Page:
Last night, CNN's own Don Lemon speculated that the missing Malaysia Airlines flight may have disappeared from the earth because of something "we don't really understand." That thing? Black holes. An Ivy League astronomer The Wire spoke with thinks that's unlikely.

Normally one finds black holes in space. What Lemon presupposes was: maybe also in the Indian Ocean? After raising the idea, he continued: "I know it's preposterous. But is it preposterous?" On air, Lemon's question was quickly shot down by Mary Schiavo, a former U.S. Department of Transportation inspector general, who said that "a small black hole would suck in our entire universe so we know it's not that."

But The Wire wasn't satisfied with that answer. Just how dumb is the black hole theory? Based on answers from two experts, it is an extremely dumb theory. 

A somewhat gruff Columbia astronomy professor named David J. Helfand told The Wire by email that, simply put, "black holes comparable to the mass of an airplane or somewhat bigger that could attract and swallow a plane do not exist." 

Even if a black hole capable of swallowing a plane out of the sky did exist, Peter Michelson, a professor of physics and Stanford University added, "a lot of other things would be missing as well." when asked for examples of what we'd notice missing, Michelson said, "probably the Earth." 

But don't worry, that's not going to happen. Helfand explained why the idea that a black hole could just appear somewhere, briefly opening up like a baseball glove to catch the plane and then close again and vanish, is not really accurate. "Black holes do not 'open up,'" he wrote, adding that "Black holes are simply extremely dense concentrations of mass in which gravity is so strong on the surface that light cannot escape. They can only be formed in extremely violent events involving energies vastly greater than those that exist on Earth." 

Currently, there are two general types of black holes: the kind that forms when a massive star dies, and a second type with a much larger mass. Those larger black holes exist in the centers of galaxies. The first type has a mass of about 3 to 30 times that of the Sun, while the larger ones are 1-1000 million times the Sun's mass. Helfand adds: "If either type of black hole came anywhere near Earth, they would swallow the entire solar system, not just a jet plane." (NASA has a good plain-language primer on the two types of black holes here).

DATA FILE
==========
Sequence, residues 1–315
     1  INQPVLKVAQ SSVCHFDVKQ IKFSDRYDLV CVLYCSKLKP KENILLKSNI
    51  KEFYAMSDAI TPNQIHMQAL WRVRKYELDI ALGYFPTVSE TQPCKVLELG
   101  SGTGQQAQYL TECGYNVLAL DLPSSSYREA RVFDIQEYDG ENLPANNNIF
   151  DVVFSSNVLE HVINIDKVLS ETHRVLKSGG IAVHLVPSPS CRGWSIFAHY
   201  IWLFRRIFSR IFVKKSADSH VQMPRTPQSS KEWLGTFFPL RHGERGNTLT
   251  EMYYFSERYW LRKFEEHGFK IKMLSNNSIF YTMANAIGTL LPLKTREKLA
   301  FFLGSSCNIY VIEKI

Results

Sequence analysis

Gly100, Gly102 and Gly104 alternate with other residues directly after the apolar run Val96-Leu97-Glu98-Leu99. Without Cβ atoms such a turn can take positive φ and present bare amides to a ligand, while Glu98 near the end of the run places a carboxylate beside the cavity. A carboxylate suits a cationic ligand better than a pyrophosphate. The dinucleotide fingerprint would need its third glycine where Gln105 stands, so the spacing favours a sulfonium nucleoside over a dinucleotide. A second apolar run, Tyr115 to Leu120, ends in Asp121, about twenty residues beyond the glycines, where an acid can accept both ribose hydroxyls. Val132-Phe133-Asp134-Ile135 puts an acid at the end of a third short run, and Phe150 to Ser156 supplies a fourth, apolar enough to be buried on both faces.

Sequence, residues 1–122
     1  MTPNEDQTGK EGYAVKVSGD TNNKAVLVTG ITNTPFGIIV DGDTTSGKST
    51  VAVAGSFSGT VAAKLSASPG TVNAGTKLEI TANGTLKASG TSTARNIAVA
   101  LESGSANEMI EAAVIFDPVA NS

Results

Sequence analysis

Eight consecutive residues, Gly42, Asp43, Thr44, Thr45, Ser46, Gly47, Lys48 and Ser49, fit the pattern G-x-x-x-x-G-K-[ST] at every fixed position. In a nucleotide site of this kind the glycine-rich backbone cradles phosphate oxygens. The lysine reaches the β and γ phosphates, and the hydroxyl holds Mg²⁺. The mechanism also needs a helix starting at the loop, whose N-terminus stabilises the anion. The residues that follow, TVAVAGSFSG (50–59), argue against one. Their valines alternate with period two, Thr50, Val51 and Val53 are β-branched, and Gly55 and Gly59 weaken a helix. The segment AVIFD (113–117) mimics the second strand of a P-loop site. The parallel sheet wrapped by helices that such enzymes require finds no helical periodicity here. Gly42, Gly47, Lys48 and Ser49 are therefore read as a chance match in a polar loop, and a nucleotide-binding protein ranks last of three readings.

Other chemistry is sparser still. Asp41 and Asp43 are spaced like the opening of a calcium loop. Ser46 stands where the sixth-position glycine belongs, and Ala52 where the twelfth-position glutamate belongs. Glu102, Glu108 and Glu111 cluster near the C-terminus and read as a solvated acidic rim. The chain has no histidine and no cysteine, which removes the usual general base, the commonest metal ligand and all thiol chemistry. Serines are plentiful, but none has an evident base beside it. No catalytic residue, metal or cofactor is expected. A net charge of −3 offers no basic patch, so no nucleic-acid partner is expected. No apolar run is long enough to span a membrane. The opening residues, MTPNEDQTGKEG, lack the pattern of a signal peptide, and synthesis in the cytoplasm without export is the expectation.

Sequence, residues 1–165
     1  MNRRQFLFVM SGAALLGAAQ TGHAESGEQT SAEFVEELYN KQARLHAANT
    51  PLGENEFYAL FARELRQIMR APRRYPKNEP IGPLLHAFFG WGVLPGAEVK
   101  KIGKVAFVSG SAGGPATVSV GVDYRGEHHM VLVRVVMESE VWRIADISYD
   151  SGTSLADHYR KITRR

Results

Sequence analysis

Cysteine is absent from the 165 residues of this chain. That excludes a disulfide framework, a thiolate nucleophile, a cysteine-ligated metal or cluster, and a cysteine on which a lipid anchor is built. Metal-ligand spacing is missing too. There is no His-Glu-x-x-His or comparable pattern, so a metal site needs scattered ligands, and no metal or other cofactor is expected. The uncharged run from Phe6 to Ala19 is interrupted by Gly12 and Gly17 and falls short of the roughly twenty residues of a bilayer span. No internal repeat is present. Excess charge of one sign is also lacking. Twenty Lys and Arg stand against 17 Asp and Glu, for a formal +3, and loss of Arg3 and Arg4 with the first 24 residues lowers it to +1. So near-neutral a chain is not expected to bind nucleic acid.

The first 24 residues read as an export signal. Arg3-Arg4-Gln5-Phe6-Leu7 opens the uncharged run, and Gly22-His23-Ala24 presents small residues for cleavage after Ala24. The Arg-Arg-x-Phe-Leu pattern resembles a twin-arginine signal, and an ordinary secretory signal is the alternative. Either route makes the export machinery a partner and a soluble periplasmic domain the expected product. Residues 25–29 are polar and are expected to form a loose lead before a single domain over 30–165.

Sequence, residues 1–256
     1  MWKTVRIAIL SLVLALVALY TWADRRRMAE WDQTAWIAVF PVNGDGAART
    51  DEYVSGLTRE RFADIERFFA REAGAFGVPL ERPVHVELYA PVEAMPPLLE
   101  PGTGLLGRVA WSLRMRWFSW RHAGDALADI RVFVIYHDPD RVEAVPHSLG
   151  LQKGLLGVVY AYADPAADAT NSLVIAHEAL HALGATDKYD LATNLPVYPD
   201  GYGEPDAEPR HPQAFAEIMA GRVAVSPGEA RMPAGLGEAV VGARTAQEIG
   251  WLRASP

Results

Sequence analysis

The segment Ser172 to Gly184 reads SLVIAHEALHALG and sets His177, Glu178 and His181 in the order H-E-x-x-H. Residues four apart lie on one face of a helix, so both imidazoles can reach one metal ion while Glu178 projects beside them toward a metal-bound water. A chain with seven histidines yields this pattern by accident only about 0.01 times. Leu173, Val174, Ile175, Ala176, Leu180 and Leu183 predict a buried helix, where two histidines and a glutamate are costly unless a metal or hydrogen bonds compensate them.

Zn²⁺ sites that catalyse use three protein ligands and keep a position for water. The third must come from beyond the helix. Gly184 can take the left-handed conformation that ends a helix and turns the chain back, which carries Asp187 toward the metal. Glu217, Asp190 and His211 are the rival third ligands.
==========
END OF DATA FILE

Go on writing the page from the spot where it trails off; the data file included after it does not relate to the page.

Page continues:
But, with apologies to Lemon, could there be another form of more suitable plane-sucking black hole that we don't yet understand? Well, not really. While very small black holes might be possible, they'd be extremely unstable. Here's Helfand's answer: 

The only other conceivable place black holes can form is in the Big Bang itself. While we have no evidence as yet that they did, they could , in principle, be of any mass. However, as Stephen Hawking showed many years ago, tiny black holes would have evaporated by now (through a process that is well-understood but too complicated to explain here)." 

"To show how silly this is," Helfand added, "a black hole, say, ten times the mass of a 777 (300,000 kg fully loaded) would be 0.0000000000000000000001 inches across (yes, that's 21 zeros)." 

In conclusion: Do we, as a human species on Earth, understand everything there is to know in the universe about black holes? No. But we definitely know enough to answer conclusively whether one of them swallowed the missing plane. On the other hand: ratings.